Saturday, February 13, 2010

Day 2: (Re)Figured Skating UPDATED

UPDATE: The Dick Button (during NPR interview posted today) agrees with me (basically). Although my point about deductions may be off base, my discussion of the results of the scoring system seem to be on point (if you'll pardon the pun):
"We have to remember that this is a judging system based on points," Button said. "It's the point value that counts [for] each of the individual moves."

The biggest point values come with high-scoring jumps, Button says, so skaters don't take the time for lingering and fluid grace on the ice. Thus, Button predicts, they are unlikely to inspire the kind of innovation he brought to skating.

"They're doing the same moves over and over and over because that's what they get the points for," Button says. "And there isn't enough emphasis put on ... the performance level, the [elegance] level, the music, the interpretation."
Much thanks to my dad for pointing me to this. Hear the complete interview here and read excerpts here.

I want to state up front that I do not much care for figure skating. That being said, I want to carefully chart my opposition lest readers attribute ungenerous or false motives. In so charting my opposition, I implicitly say a few things about rhetoric.

First, I find figure skaters to be amazing, well-trained, dedicated, and athletic bodily artists.

Second, my opposition is not predicated upon some knee-jerk, macho reaction against sequins. For instance, I think this is awesome.

My opposition has to do with the how the sport is cultivated by its judging system. In short, the event has become the Olympic equivalent of the educational phenomenon of “teaching to the test.” And, in Olympic figure skating, it is the worse kind of test. As I understand it (note the caveat), the scoring is predicated, in large part, upon deductions. While this may certainly misrepresent the full nuance and complexity of the scoring system, I am ultimately talking about how it strikes me as a casual viewer. Skaters are punished for mistakes rather than rewarded for successes. Because of this scoring system, and the narratives it spawns on the part of commentators, figure skating becomes about not making mistakes: every jump is appreciated in terms of “stuck landings.”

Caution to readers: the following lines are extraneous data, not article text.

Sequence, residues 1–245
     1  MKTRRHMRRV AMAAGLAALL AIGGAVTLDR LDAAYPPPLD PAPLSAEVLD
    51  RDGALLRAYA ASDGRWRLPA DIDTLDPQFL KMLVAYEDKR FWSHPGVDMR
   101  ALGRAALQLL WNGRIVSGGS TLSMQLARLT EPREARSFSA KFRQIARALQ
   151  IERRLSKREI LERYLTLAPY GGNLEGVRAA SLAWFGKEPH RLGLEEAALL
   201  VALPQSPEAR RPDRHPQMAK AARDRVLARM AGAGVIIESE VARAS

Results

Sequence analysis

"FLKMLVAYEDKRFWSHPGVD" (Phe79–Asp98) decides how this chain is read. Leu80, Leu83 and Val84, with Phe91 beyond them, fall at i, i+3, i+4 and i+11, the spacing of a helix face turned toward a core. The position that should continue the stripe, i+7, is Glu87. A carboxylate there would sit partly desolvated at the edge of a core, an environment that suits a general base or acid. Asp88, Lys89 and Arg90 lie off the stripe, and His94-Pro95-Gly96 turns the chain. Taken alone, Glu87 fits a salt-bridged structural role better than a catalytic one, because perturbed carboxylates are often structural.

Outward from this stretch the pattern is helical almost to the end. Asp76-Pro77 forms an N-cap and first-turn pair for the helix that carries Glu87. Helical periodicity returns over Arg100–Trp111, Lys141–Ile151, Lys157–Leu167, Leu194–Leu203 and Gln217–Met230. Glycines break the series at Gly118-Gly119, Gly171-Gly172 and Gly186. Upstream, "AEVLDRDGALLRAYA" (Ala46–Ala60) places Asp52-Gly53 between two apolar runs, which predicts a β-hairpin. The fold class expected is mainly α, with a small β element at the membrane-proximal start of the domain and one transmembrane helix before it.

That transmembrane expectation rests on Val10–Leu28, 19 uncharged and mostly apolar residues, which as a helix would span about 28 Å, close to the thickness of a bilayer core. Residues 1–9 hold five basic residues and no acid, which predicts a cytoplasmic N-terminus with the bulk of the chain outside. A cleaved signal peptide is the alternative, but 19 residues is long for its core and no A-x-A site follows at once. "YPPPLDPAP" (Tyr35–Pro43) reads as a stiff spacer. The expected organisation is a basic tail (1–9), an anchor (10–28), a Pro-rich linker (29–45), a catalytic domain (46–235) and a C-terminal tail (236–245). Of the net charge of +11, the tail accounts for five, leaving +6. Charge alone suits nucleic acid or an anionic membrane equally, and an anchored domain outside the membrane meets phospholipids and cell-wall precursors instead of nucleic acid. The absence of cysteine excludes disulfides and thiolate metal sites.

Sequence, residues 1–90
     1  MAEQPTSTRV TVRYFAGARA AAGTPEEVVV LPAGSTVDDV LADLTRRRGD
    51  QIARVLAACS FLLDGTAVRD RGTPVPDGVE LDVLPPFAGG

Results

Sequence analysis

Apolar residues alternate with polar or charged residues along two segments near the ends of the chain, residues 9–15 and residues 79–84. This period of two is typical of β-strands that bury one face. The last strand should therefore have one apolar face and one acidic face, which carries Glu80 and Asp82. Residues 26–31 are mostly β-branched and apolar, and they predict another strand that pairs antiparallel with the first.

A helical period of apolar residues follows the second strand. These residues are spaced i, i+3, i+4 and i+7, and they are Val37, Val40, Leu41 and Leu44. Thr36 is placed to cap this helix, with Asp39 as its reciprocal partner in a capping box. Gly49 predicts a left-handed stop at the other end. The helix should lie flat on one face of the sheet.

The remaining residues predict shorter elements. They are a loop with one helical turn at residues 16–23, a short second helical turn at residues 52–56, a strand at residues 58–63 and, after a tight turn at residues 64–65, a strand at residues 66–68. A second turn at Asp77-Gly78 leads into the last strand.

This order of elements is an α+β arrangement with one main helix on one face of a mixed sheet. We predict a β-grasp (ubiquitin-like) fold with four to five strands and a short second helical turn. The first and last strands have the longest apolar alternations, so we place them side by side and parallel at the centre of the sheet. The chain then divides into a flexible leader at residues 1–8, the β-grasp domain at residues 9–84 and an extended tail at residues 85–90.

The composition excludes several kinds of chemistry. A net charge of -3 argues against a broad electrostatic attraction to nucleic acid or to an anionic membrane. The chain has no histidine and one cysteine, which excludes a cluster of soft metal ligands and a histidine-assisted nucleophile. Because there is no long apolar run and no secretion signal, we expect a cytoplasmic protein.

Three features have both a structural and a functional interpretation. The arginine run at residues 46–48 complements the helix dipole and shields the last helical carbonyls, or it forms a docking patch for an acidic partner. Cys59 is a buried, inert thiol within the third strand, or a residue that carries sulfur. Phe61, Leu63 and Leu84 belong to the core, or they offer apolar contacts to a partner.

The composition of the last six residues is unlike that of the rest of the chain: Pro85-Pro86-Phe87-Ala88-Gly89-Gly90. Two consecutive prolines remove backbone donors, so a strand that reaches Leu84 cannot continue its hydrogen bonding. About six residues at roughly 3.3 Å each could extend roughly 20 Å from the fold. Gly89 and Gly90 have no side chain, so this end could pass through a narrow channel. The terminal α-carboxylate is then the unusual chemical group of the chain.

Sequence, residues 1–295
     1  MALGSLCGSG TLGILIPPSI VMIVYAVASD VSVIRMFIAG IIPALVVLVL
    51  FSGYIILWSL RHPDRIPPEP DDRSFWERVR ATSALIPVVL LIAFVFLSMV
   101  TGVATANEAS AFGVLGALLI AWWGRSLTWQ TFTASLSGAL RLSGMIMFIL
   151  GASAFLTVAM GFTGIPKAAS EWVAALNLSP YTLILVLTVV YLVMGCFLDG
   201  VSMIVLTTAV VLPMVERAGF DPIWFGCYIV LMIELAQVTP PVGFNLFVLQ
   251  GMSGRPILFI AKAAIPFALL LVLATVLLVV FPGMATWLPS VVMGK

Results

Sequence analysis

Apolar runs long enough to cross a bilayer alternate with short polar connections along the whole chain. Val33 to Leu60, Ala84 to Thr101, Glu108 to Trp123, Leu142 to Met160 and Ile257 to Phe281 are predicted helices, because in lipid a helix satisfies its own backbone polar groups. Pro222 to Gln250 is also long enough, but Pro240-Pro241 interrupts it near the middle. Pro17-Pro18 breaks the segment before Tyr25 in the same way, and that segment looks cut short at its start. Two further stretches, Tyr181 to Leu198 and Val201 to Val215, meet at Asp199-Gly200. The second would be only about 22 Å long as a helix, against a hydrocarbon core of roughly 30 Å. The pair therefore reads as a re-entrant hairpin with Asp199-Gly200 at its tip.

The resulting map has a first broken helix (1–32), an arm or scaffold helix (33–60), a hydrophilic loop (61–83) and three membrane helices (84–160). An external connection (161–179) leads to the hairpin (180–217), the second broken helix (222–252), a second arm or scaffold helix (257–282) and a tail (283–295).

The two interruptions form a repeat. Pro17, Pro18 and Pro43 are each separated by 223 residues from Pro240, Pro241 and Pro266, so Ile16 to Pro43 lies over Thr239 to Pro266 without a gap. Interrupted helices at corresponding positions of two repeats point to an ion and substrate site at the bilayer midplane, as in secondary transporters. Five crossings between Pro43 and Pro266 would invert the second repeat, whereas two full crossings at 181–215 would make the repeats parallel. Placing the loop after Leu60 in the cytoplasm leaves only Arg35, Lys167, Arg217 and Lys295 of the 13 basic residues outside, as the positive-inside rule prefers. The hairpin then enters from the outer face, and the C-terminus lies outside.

This is further compounded by another aspect of the scoring system: it is highly rationalized, and it tellingly involves instant replay. The judges can review the particular aspects of each component at an amazing level of detail: “The technical specialist uses instant replay video to verify things that distinguish different elements; e.g. the exact foot position at take-off and landing of a jump.” This is all fine and good for a system designed to be objective and to curb abuses of this sort. It is, however, a terrible system for praising and blaming an artistic performance. When judges can explicitly divorce the technicality of a move from the fluid context of that move (to make the dynamic static), then the performance, as art, must necessarily suffer.* This is likewise true, for me, of gymnastics. I am sure that the balance beam is the perfect stage for artistic enactments of bodies; however, I watch primed to spot wobbles and shaky landings.

I do not claim that figure skating lacks artistry or artistic merit. I assume that most in and around the sport would defend it against the “charges” I here level. I would say, however, that the emphasis on objectivity and technicality must necessarily cultivate the performances and the performers themselves, in addition to mediating how viewers experience the event. Rules are not merely added on to sports; rules cultivate sports and the athletes who compete in them. For instance, this. In conclusion, I feel that in figure skating this cultivation errs on the side of the static and the technical at the risk of erasing the performance as dynamic and artistic.

*I recognize the problem of decisively separating the artistic from the technical. Art is itself a function of technique. I am focused here on the issue of ecology and balance. How carefully tuned are audiences to both aspects of the performance and when are they moved too far in one direction? Back

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